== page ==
For us, as a cast and crew, the chance to build a show on this foundation has made coming to work a joy. On day one I was delighted to discover that the other actors had all found the script equally ‘unputdownable’ and were excited to get stuck in. Leading the enterprise was Ross Jolly, and we could not have been in better hands. It’s been my good fortune to work with Ross on a number of occasions and I’ve learned that the thing he cares about most as a director is the audience – what are they discovering in this scene, this moment, this line? His finely honed instinct for timing, placement and guiding the audience’s focus was a perfect match for Theresa Rebeck’s storytelling priority.

We five actors had a great time rehearsing this show. We discovered we’d been given characters who at first seemed simple almost to the point of being ‘types’, (the Nerd, the Gangster, the Conman, the Innocent, the Prude), but who quickly revealed a much subtler humanity. As the audience discovers through the course of the play, there is far more to these people than meets the eye. Theresa’s dialogue has all the sharpness of her TV background, and when we really got going it fair crackled along. Now, with the addition of the Circa audience, whose listening, laughing and rapt, bright-eyed attention lifts us to new heights, we are a deeply satisfied bunch.

I have the pleasure of sharing the stage with a phenomenally talented group of actors. Each night I get to be inexcusably rude to the charming but dangerous Danielle Mason, tremble at the approach of a fearsome Jeff Thomas, marvel at the energy and loquaciousness of Andrew Foster and be transported by the tragicomic tightrope walk of Lyndee-Jane Rutherford.

(left to right) Lyndee-Jane Rutherford, Aaron Alexander, Andrew Foster and Danielle Mason

Our stage manager, Mr. Eric Gardiner, is the steady hand on the tiller of the waka during the season, not to mention the strong back behind the revolving set. Eric volunteered for the task of pushing the set around half a dozen times a night when it became clear days before opening night that our electric motor was not up to the task. Mechanical horsepower is no match for a stout English yeoman with a pair of gloves and an “I’ll do it m’self” attitude. Eric’s silent, invisible efforts that result in the gliding revolution of the set epitomises, I think, the huge amounts of unseen work that goes in to bringing you a stage production like Mauritius.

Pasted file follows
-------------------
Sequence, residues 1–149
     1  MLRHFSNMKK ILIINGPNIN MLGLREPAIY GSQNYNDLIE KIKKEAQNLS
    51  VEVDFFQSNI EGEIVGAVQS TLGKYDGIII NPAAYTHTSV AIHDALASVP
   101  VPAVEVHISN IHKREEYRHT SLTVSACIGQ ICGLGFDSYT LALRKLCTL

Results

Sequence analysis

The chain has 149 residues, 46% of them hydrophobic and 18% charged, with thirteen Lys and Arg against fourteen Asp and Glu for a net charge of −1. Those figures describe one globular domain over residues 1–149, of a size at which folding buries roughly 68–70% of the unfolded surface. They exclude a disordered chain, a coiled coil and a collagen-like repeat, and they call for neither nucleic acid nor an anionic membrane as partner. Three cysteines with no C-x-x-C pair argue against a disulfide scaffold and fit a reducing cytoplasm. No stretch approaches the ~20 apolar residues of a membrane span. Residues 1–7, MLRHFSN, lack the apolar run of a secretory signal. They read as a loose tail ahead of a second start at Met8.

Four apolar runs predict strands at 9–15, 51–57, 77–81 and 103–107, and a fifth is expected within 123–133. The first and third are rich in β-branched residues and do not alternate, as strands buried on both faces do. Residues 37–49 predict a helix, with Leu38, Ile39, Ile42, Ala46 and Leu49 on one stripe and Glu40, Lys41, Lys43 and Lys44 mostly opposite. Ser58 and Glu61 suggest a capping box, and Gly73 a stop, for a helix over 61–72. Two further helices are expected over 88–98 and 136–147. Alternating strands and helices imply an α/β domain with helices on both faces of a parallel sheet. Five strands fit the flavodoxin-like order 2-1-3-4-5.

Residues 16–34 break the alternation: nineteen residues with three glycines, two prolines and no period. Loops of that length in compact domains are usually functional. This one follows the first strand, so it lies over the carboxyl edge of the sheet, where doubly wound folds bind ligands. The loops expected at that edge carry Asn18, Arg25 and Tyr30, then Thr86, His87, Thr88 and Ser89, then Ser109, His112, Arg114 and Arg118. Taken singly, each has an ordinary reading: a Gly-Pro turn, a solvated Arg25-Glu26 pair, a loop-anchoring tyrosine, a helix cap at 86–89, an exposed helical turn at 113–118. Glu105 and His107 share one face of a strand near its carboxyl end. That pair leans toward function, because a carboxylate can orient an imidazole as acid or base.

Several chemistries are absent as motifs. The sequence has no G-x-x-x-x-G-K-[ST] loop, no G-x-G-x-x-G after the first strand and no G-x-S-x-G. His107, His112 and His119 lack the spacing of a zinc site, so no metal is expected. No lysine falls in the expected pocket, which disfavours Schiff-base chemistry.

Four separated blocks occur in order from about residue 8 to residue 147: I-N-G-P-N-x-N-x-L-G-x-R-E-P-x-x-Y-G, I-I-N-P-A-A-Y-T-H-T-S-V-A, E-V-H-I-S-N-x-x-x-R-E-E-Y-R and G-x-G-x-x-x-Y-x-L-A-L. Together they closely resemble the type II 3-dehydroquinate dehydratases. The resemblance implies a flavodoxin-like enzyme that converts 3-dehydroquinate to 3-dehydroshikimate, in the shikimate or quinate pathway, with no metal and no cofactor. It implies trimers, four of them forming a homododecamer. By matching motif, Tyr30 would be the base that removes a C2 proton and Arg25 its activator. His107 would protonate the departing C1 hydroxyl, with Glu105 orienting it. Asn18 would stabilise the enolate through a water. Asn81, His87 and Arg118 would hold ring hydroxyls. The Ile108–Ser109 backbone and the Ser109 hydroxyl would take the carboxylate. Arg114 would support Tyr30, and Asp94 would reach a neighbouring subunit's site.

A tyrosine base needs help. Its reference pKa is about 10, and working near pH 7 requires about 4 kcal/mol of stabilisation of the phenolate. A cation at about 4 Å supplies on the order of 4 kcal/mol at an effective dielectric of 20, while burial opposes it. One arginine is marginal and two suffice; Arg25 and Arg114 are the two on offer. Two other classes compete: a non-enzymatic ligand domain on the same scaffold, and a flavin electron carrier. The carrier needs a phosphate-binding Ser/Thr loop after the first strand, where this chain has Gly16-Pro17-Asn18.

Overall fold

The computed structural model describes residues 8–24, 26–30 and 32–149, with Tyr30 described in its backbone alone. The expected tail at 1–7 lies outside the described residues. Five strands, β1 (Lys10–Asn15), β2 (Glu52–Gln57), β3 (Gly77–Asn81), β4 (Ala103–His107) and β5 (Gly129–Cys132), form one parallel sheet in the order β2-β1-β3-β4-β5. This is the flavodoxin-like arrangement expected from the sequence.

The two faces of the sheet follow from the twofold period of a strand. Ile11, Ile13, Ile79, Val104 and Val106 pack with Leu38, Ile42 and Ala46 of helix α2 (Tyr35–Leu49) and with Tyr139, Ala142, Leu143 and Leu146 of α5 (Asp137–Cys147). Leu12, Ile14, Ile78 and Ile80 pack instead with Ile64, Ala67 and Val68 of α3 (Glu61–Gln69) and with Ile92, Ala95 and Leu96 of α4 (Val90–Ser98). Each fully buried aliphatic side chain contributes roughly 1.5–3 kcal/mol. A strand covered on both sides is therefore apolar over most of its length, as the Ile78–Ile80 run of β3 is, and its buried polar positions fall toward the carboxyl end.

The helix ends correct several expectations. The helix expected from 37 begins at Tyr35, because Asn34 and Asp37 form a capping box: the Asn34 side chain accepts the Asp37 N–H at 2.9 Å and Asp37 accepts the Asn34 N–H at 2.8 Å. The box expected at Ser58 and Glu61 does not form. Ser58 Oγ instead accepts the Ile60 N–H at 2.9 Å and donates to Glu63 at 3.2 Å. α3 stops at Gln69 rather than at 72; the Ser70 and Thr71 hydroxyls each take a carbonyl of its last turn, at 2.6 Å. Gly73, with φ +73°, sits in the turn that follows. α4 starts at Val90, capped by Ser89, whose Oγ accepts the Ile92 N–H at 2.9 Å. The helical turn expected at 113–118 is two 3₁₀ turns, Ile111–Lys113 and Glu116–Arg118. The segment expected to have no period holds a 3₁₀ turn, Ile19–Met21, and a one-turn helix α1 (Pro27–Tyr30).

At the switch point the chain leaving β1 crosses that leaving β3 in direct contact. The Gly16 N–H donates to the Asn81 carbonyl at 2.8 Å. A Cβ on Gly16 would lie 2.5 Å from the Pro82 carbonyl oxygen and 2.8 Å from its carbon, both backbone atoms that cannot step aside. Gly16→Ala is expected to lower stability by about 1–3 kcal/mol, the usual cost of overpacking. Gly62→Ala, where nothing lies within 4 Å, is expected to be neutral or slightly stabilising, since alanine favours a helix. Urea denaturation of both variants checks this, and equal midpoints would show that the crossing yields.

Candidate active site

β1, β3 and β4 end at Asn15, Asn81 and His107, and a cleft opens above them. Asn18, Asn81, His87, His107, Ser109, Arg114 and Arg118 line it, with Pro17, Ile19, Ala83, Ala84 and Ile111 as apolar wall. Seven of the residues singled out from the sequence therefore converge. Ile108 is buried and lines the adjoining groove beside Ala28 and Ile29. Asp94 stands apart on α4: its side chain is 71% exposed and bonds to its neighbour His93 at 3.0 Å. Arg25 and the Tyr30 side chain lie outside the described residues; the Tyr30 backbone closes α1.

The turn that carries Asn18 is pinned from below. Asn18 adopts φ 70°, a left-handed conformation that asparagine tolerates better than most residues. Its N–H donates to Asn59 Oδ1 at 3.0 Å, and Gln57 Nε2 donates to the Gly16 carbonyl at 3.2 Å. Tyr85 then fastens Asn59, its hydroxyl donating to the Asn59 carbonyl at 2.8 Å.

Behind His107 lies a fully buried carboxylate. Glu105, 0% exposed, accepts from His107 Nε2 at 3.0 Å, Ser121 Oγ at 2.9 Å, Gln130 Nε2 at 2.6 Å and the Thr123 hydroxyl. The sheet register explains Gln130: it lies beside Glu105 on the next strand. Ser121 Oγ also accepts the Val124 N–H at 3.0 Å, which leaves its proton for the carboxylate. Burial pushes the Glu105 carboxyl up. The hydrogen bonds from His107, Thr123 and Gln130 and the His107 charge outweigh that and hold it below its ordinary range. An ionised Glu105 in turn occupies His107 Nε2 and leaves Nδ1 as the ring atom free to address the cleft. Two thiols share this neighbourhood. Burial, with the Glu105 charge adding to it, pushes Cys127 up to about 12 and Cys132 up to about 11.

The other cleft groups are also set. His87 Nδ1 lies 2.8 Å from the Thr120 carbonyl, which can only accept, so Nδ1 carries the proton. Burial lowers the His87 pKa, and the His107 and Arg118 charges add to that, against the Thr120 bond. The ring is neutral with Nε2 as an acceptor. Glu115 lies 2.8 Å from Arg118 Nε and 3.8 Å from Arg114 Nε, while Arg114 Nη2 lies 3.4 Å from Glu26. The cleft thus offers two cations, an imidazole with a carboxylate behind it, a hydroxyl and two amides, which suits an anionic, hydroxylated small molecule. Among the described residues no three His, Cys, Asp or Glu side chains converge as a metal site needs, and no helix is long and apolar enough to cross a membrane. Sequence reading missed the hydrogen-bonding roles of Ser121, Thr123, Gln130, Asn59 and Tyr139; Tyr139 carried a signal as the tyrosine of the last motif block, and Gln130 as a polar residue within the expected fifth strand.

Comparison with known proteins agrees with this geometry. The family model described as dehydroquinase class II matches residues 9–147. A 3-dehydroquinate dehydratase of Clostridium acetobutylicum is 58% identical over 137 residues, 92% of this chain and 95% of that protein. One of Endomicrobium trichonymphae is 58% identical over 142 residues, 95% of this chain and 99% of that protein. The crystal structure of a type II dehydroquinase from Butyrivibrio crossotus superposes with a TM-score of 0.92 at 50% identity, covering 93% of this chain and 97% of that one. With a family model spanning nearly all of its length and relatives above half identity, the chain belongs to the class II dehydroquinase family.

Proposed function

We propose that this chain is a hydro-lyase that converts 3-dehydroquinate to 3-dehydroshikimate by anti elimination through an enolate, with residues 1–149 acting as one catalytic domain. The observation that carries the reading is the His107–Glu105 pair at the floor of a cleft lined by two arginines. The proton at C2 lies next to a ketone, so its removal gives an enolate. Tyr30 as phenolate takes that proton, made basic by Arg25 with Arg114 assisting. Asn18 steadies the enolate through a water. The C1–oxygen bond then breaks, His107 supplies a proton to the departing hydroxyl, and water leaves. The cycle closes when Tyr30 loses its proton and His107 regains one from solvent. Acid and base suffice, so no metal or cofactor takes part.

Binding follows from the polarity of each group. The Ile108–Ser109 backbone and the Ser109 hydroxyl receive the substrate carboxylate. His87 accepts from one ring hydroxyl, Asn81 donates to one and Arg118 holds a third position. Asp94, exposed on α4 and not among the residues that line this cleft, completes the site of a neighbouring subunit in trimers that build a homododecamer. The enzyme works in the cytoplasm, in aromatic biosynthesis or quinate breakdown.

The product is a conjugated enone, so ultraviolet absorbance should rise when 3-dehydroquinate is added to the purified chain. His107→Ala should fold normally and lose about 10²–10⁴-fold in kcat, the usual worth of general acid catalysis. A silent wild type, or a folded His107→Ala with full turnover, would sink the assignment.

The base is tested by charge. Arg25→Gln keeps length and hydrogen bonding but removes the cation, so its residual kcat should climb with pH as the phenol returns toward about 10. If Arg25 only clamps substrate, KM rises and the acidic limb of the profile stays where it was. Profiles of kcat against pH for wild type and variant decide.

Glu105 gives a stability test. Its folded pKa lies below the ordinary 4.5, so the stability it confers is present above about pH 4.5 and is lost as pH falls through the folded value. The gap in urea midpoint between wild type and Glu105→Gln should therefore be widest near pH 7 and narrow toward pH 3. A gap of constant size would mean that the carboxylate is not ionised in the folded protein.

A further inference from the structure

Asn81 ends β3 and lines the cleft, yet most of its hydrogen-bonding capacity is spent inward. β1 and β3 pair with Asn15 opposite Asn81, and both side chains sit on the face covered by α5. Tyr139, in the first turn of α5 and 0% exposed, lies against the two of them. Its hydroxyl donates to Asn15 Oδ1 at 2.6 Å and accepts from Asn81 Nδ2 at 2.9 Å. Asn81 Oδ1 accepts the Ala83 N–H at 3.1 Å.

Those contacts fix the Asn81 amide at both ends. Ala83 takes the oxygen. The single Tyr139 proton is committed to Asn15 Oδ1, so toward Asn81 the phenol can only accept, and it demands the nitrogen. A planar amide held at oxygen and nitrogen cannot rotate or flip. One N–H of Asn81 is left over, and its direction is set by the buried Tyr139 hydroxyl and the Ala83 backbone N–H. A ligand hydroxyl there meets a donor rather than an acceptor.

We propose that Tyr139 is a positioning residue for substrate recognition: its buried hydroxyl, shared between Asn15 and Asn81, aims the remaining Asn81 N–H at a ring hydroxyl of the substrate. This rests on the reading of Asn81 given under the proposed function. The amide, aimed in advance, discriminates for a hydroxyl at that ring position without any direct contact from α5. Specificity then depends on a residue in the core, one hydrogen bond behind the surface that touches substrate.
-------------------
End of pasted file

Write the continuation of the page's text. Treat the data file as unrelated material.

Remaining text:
Personally, I’m very proud of what we’ve brought together in this production. It’s one of those ‘perfect storm’ scenarios where all the creative and technical elements (electric motor excepted) have fit together beautifully. The feedback from our audiences so far has been fantastic and, believe me, we can sense how much they’ve been enjoying it from the stage. I can feel the audience being drawn towards us and onto the edge of their seats in the climactic final act, and hear their gasps of surprise at every twist, turn and doublecross.

After opening night I sent a message to Theresa Rebeck through her website, not really expecting a reply. To my surprise and delight she sent a lovely note back, expressing how glad she was to hear from us in New Zealand. She finished very simply by saying:

‘I love this play.’

The fact that the writer has such unabashed affection for her script speaks volumes.

I hope you will come down to Circa and join us for an evening of thrills, laughs and rampant, no-holds-barred philately. I reckon you’ll come out feeling, like all of us from Theresa Rebeck on down, that Mauritius is a play that’s easy to love, and hard to forget.

Mauritius is on at Circa until 24 July. To book your tickets, please call 04-801-7992 or go online at www.circa.co.nz.